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Thursday, February 16, 2006

Does a grunt count?

Technology connects us and pushes us apart. In so many ways I'm communicating with Father in Chief during the day. We instant message each other, send email, talk on the telephone. And when he's on his way home, he always calls to give us the heads up. But after he pulls into the garage and actually comes up the stairs, there are many days when I barely acknowledge he's entered the house.

It's not that I don't care--I'm actually relieved to have some parental back-up--but usually I'm just in the middle of something, usually getting dinner on the table (call me old-fashioned, in that way). In Maggie Jackson's February 12 column entitled, Repeat after me: 'Welcome home, dear', she wrote about a study that found that that classic phrase is going the way of the VCR. Jackson wrote:

"[W]ives stop what they are doing and welcome home a returning spouse only a little more than a third of the time. Mostly, they are too irritable or busy to do so...Husbands do better, with more than half offering a positive greeting to a spouse. Children greet their fathers, who are mostly the last to return, positively only a third of the time, and often don't even look up when the dad reenters the house."

If we did not have a way to communicate throughout the day, I'd probably be a little more energetic to run and greet FIC when he came in. But since I just talked with him 30 minutes earlier, there isn't a wave of information to pass his way. Plus, I know that we'll get a chance to connect while we're eating. Sure Toddler in Chief will make it difficult for us to have meaningful discourse, but we will be talking and sharing and together.

For TIC's sake, I have decided to try and be a little warmer when FIC comes in. I want him to know that it's always exciting when Daddy comes in. Sure when he's a teenager, we'll be lucky if he comes out of his room for meals. But until then, I'd like to try and instill a strong sense of family. And maybe a nice greeting and acknowledging that someone has joined us is a good way to start.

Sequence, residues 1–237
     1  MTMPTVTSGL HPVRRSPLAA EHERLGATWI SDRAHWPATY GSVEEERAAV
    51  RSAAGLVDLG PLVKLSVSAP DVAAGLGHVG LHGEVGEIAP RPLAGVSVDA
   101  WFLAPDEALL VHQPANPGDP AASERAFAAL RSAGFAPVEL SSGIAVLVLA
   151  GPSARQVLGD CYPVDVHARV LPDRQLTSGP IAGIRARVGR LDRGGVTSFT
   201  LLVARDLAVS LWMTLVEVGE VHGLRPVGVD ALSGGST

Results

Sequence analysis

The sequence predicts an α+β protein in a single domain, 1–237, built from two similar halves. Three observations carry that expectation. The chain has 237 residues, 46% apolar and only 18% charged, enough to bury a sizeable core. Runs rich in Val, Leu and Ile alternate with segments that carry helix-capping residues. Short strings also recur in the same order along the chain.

4 comments:

  1. Unfortunately, this made me laugh. In our case we do a lot of cell phone talking and texing. And since the husband rides a train on an inconsistent schedule, I usually get a call enroute.

    So, yeah, we aren't so good about the welcome home thing either. I prod the child to run and give him a hug and kiss, it would be better if I did too (you know--lead by example).

    Great post... and reminds us, the small things we do each day can mean a lot. :-)

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  2. I usually get a mommy! mommy! mommy! and one or two small bodies wrapping themselves around my legs the moment I walk in. It's both nice and a bit overwhelming.

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  3. I've been making it a point to stop what I'm doing (usually making dinner) and greet my husband with a kiss and a hiya when he gets home. I know that's what I would like if I were the last to come home.

    But doing this doesn't necessarily come naturally to me. I have to make an effort to do it.

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  4. Anonymous4:55 PM

    There's this little thing called common courtesy. Every person who walks into my world deserves a greeting, even if only a brief 'hi.' Spouses deserve more than a 'hi' despite the fact that cyber life allows us to talk often during the day. I ponder how we lived before the cell phone -- yet know we did, and we coped with the delays, the non-communication, the missed signals. Has cyber made us less communicative to the very people we should give a higher value of face time? My grown/flown children now always end a telephone conversation with "love you." It settles well into my soul. If something happens between the call and now, I know I or they went out in a blaze of love. So should it be with the man I chose to marry.

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